In November 1836, the Bent brothers and Ceran St. Vrain received a license authorizing them to trade on the South Platte. Construction began in 1837 on the trading post, which was to be the largest and most enduring along the river. The main business at Fort Lookout, as it was first named, was trading trinkets and beads for buffalo hides and tongues and beaver pelts, as well as accommodating passing mountain men. Fort Lookout was renamed Fort George in honor of George Bent, one of the Bent Brothers; however, this fort was generally known as St. Vrain's Fort or Fort St. Vrain.
Fort St. Vrain was located one mile north of St. Vrain Creek on the east side of the South Platte River, on the "Trapper's" or Taos Trail, which ran from Fort Taos, New Mexico, past Bent's Fort in Colorado to Fort Laramie in Wyoming. Fort St. Vrain was said to be exactly halfway between Bent's Fort and Fort Laramie and was located just a little north of its major competitors, Fort Vasquez and Fort Lupton.
Fort St. Vrain was constructed in the likeness of Bent's Fort, which was located on the Arkansas River near present day La Junta, Colorado. Exclusive of the bastions, the total length of Fort St. Vrain proper was 125 feet north to south and the total width was 75 feet. The front looked nearly straight east. There were two bastions, one on the southwest and one on the northeast corners. The walls were made of adobe bricks and were about 2 feet thick and 14 feet high. The main entrance was guarded by heavy gates and, above, by a tower. The interior of the court was surrounded by houses one story high. There was a corral inside for the cattle and horses and a cistern, lined with lime, near the southwest bastion.
Marcellin St. Vrain, Ceran's younger brother, was appointed to manage the fort for the Bent & St. Vrain Company. He worked to protect the Bent brothers' interests and lure business away from the other tading posts. To this end, he was quite successful. Fort Jackson was the first to capitulate under the Bent's power; it was sold to Bent and Company in 1838. Fort Vasquez was the next to close its doors in 1842.
During the years it operated as a trading post, St. Vrain's Fort served as a waystation and provisioning point for travelers. John C. Fremont stopped there June 10, 1842, during his first expedition, to obtain horses and coffee. In this party were 21 men, mostly from St. Louis, including 12-year-old Randolph Benton, son of Thomas H. Benton. Kit Carson was their guide. Fremont also stopped at the fort in July, 1843, during his second expedition.
Richard L. "Uncle Dick" Wooten ran the first courier service between St. Vrain's Fort, Bent's Fort and Fort Laramie in 1842. The charge for this service was $5 per half ounce plus regular government postage. It has been suggested that this was the first Pony Express of the Rocky Mountain region.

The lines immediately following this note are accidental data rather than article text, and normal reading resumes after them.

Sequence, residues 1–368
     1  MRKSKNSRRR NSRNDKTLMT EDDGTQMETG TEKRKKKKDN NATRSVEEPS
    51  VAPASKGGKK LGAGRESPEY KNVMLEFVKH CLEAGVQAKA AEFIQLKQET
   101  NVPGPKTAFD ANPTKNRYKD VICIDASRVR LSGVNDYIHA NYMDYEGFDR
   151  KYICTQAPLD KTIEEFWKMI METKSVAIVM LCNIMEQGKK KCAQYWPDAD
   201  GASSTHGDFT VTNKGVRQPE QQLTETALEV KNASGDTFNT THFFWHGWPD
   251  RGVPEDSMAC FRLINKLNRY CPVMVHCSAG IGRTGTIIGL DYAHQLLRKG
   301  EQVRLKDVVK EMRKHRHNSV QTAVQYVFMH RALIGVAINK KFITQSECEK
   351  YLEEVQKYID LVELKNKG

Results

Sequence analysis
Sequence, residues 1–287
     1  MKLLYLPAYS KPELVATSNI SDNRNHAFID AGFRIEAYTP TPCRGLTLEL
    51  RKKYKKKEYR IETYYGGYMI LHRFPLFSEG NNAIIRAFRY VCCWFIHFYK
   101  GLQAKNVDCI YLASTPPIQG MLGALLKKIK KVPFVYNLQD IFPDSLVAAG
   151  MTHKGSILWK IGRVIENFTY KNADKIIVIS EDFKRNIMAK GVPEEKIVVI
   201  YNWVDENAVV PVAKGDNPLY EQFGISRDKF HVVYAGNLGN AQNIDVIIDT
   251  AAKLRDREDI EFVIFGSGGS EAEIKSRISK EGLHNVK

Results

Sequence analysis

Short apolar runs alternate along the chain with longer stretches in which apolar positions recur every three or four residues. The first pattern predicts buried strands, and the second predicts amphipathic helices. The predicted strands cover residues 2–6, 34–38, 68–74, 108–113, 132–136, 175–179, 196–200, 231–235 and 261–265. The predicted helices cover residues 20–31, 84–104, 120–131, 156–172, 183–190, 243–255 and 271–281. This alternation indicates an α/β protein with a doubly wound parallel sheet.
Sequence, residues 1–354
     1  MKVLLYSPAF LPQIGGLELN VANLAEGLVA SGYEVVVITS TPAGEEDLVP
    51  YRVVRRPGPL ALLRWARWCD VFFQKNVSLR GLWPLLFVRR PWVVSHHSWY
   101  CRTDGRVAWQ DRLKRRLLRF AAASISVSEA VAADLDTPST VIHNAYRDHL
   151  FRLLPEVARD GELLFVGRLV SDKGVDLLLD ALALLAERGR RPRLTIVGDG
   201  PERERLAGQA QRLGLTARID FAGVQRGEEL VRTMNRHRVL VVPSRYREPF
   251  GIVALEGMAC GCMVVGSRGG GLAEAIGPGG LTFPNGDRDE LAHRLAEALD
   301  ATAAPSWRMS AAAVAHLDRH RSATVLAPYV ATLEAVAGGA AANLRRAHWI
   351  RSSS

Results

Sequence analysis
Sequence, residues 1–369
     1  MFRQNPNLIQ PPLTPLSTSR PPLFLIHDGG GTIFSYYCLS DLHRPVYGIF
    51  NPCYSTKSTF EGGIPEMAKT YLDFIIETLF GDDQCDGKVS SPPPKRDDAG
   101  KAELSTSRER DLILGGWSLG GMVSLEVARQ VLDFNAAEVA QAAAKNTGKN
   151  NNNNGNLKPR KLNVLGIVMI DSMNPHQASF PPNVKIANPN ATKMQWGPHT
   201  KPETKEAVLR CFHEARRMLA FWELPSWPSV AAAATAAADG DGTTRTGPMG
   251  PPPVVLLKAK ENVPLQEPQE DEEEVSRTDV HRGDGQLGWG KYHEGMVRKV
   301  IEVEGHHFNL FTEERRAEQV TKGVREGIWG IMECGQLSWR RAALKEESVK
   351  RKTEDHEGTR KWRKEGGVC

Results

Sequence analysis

In 1844, Fort Lupton was the last fort to close under the Bent's pressure. With Fort St. Vrain's mission accomplished and with the rapid decline of the fur trade, the Bent & St. Vrain Company ended its operation of the fort in 1845. However, Marcellin stayed on for several years, at least part time, and continued with operations of the fort on his own. In 1848 Marcellin moved back to the St. Louis area. However, this was by no means the end of Fort St. Vrain. There are indications that the fort was fixed up and used to supply the prospectors of the 1849 gold rush.
George Grinnell writes that in the summer of 1854 "...Walking Coyote with War Bonnet rode up to St. Vrain's Fort. White Horse was living in a camp of Cheyennes there...and [he] saw White Horse and his wife...sitting on a bench in the hall of the fort. When the two saw Walking Coyote, they arose and walked toward the hands' messroom..." [Grinnell, George Bird. The Cheyenne Indians Their History and Ways of Life, Vol. 1. Lincoln, NE: University of Nebraska Press, Oct. 1972.] So, it would seem that the fort was still in use in the mid-1850's, at least as a residence if not a military post.
By the late 1850s, St. Vrain's Fort was fast becoming a ruins but was still holding it's own as a focal point and landmark for the early settlers. Ranchers lived around the deteriorating fort and used it as a corral. In 1859, the St. Vrain Claims Club was formed by the settlers along the South Platte to protect their land claims from claim jumpers. William N. Byers moved at the first meeting that each claimant be entitled to 160 acres, etc . . . and that "the jurisdiction of this club be coextensive with the county of St. Vrain, to embrace not less than 24 miles square, with the Town of St. Vrain, near the centre. . ."
Post offices were established at Fort St. Vrain and Fort Lupton in 1859. When Weld County (one of the original 17 counties of the Colorado Territory) was organized in 1861, the town of St. Vrain was designated the County Seat and a log courthouse was built. Unfortunately, the town did not flourish and the County Seat was moved to the Latham Stage Station, located in present day Greeley, in the mid 1860s. The original log courthouse has been preserved and moved to the historic "Centennial Village Museum" in Greeley where it may currently be viewed.
In 1911, the Centennial State Chapter (Greeley) Daughters of the American Revolution erected a monument at the site of the original fort. Mary St. Vrain Sopris, Marcellin St. Vrain's daughter, was an honored participant at the dedication ceremony. Mary was born at the fort on March 10, 1848.